The Moors' Boy
For some reason young Philip Ransome (Mark Lester) stopped speaking when he was young much to the upset of his mother (Sylvia Syms) and annoyance of his father (Gordon Jackson) who would prefer that Philip be sent to a special school rather than kept at home. But his mum refuses to give up on her son no matter how exasperating his silence is which leads to him spending most of his days roaming the nearby moors and woodland. It is there that he not only befriends an albino colt but a retired colonel (John Mills) takes an interest in Philip as they both share a love of nature. It is through that love that nearby farm girl (Fiona Fullerton) ends up joining them as together they set about raising a pet falcon. But every time it seems like the Colonel is making some headway something happens to knock Philip back in to his shell.
To those who watched "Run Wild, Run Free" back in 1969 and have fond memories of this drama about a mute child and the white horse he loved I say lucky you as this definitely has that feel of a nostalgic childhood memory about it comparable to some of the movies I watched in the late 70s and early 80s. But with my love of watching older movies I have only just comes across "Run Wild, Run Free" and it didn't have the impact which others talk about when mentioning the movie. For me director Richard C. Sarafian infuses this movie with an overly melodramatic styling which is out of place such as over the top music to create drama which isn't really there.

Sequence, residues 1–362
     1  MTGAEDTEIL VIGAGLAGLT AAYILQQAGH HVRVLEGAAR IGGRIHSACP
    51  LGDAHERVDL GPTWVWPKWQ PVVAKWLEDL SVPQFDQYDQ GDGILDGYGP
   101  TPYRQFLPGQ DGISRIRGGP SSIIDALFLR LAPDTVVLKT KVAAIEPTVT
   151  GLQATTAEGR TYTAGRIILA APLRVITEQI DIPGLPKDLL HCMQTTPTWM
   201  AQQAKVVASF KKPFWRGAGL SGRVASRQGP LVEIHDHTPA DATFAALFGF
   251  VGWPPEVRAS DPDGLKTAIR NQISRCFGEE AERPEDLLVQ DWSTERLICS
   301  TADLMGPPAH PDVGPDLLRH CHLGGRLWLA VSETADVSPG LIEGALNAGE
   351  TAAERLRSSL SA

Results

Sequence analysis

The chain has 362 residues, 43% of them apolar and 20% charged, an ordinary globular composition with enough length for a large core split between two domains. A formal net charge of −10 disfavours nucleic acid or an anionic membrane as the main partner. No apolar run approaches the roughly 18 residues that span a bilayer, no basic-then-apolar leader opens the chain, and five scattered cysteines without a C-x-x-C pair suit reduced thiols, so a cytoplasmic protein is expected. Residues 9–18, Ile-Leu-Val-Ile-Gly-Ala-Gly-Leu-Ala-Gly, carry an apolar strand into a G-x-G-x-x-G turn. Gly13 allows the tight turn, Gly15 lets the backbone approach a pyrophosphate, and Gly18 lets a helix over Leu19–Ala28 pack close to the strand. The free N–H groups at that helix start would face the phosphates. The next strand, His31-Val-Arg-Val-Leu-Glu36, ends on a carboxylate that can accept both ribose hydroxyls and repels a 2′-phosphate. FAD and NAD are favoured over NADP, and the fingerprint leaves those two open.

It is a shame because the cinematography in "Run Wild, Run Free" is fantastic and I am sure many who have spent their childhood on moors at Dartmoor, Devon will cherish the beauty which has been captured in this movie. And the wildlife cinematography especially of a bird in flight is absolutely glorious. In truth the performances from the adults are also good with John Mills providing that kindness which made him such a good actor whilst Sylvia Sym brings some layers to her character as we have the caring mother but one who has become restrictive.
What this all boils down to is that there is something quite charming about "Run Wild, Run Free", most of which is the cinematography. But this is one of those movies which have that nostalgic charm which makes it more appealing to those who saw it as children back in 1969 and shortly after.